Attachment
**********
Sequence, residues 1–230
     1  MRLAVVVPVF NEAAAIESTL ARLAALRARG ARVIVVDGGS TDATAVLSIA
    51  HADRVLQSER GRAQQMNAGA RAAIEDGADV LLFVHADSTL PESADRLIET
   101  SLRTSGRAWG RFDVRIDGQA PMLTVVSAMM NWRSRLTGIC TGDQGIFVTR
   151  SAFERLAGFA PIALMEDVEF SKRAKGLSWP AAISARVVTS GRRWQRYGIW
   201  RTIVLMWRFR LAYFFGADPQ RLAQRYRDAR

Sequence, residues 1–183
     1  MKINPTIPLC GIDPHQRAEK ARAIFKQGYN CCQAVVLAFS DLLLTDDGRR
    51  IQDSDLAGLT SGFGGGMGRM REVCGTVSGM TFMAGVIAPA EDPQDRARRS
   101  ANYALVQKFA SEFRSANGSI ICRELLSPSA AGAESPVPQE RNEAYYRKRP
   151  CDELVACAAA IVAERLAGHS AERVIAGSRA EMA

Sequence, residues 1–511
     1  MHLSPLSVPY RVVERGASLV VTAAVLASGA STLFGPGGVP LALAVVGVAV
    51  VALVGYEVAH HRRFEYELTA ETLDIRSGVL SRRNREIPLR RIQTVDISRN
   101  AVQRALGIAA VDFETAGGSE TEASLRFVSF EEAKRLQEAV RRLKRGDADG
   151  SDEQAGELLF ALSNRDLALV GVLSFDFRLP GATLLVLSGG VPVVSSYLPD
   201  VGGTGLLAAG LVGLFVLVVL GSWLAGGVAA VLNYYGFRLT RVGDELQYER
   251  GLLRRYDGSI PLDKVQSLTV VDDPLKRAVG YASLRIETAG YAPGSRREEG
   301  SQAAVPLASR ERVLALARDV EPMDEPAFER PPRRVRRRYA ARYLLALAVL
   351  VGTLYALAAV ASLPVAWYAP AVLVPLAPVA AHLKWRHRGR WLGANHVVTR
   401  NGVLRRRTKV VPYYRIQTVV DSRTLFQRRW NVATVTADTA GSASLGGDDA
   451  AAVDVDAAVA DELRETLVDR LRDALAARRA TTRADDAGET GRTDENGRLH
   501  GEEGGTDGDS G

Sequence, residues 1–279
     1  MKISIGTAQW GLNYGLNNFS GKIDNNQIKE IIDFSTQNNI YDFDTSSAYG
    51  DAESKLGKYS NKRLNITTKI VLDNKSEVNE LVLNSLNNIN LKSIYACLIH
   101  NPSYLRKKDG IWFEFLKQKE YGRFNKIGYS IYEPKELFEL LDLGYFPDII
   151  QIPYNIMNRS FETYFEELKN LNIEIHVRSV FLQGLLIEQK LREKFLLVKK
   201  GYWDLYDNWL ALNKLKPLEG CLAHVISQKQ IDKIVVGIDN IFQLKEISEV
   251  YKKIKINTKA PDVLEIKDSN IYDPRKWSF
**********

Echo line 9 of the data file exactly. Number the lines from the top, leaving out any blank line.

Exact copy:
    51  IQDSDLAGLT SGFGGGMGRM REVCGTVSGM TFMAGVIAPA EDPQDRARRS